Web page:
In case you are wondering what my house looks like, this is a most recent shot of it:
|Good ol' 106 Kennedy St, Haines Junction. Cozy.|
Now, there are many misconceptions about where B and I have moved to, and we get crazy questions all the time from our friends and family down South. (How many of you reading this wonder whether there are penguins and forlorn-lookin' polar bears, clinging to melting ice floes in our backyard?)
Some of these questions include:
- Is it like.... - 40 degrees all the time?
- How much daylight do you get? Like.. 4 hours a day?
- You're kind of a weakbaby, Joann. Aren't you going to freeze to death and die?
In actuality, it really isn't that cold up here. And we get more or less the same amount of daylight as you, in BC. It's been a very, very mild winter. SO MILD. Like today? It was minus 5 degrees outside! Minus FIVE. In January! Last winter, I distinctly remember being a bit traumatized. I was wearing long johns underneath my jeans all the time. On my four minute walk to work, my hair would freeze instantaneously as soon as I stepped outside of my house, all exposed black strands turning white. Sometimes B would look over at me, and be like: "So that's what you're going to look like when you're an old lady." Snow came in early October, and some iteration of it stayed on the ground until April.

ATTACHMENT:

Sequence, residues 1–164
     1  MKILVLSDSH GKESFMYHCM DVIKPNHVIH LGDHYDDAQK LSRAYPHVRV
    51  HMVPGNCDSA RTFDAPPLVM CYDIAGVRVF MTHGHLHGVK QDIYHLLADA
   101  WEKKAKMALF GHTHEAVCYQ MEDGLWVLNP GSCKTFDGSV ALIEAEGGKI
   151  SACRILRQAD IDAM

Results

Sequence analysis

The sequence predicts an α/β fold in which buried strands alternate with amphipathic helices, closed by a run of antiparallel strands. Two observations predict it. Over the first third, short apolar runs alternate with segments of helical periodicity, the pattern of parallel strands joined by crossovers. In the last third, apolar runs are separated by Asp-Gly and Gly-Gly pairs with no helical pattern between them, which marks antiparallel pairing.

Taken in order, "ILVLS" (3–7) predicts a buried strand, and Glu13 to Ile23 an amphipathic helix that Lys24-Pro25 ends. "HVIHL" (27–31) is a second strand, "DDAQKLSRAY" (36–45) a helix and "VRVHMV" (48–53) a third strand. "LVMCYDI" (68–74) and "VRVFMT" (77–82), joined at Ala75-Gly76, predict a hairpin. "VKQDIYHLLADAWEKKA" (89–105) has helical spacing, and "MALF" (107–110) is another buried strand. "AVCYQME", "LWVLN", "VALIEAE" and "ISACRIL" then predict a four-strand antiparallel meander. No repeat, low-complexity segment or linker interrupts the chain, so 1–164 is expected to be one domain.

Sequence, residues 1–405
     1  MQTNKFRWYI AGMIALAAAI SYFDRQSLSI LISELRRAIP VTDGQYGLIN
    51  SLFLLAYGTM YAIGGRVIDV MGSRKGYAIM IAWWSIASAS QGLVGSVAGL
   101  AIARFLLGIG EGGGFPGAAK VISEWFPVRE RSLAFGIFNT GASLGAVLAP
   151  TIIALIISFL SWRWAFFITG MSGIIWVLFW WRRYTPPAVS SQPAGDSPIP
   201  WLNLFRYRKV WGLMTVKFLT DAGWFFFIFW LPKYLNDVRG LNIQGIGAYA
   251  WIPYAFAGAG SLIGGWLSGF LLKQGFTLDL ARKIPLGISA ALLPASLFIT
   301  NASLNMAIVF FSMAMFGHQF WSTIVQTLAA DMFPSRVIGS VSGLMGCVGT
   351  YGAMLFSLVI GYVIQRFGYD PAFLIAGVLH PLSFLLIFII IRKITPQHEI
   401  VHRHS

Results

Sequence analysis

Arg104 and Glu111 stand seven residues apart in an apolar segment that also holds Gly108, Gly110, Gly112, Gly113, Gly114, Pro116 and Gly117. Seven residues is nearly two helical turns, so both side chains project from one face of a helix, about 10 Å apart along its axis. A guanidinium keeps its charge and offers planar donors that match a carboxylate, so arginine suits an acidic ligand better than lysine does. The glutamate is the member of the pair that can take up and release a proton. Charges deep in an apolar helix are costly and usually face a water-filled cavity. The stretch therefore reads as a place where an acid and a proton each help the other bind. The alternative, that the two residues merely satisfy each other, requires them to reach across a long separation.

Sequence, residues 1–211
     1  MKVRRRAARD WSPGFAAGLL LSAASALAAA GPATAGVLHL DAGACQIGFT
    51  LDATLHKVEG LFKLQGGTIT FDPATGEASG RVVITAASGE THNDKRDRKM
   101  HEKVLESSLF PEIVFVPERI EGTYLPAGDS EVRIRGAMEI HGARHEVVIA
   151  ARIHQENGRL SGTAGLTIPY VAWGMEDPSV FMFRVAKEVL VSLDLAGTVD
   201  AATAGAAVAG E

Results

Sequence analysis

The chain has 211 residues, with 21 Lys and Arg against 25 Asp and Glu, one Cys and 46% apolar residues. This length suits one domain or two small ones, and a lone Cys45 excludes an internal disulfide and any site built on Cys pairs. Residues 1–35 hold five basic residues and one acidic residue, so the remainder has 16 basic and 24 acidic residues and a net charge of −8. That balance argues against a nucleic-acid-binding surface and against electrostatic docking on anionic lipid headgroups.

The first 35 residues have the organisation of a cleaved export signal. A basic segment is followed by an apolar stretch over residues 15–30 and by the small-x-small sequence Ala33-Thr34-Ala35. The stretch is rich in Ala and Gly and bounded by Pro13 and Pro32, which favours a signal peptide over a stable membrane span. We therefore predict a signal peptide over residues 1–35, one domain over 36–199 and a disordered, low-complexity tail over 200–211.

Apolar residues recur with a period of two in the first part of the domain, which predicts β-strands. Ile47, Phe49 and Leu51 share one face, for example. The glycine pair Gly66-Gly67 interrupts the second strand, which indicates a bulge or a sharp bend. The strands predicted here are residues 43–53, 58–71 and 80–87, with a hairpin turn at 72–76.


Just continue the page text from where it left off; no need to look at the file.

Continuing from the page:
Two years ago, I didn't even like snow. I was that bah-humbug that would grimace when snowflakes started to fall (the one or two times) in Vancouver. I didn't ski or snowboard or toboggan or luge. I found it a pain in the ass to deal with the city as it came to a dramatic, grinding halt each time (not even) a foot of snow fell on the streets. Boo, I would think. Bring on the rain.
Now, a walk through the snowy woods just outside my doorstep is one of my favorite things. I slip on my big, clunky, ugly black Sorels (which I held off from buying for the longest time, in case something cute and warm existed. --"Buy the damn boots, you're going to freeze come Winter", said B--) and tramp through the fluffy snow, the hard, crusty snow, the mashed potato snow, the misleading deep snow that makes you fall deep into your own footprint, the snow that will be here for another quarter of the year.
And it's pretty peaceful. Who would have thought?
|B and the river which runs through Whitehorse.|
|First cross-country ski, ever. With lovely friends on Mt. Mac, Dec 2010|
|The boys, skinning up Nadahini. 2010|
|No big deal.|
|The shed that B built. 2011|
|New winter toys: my very own set of X-country skis. Booyah. 2011|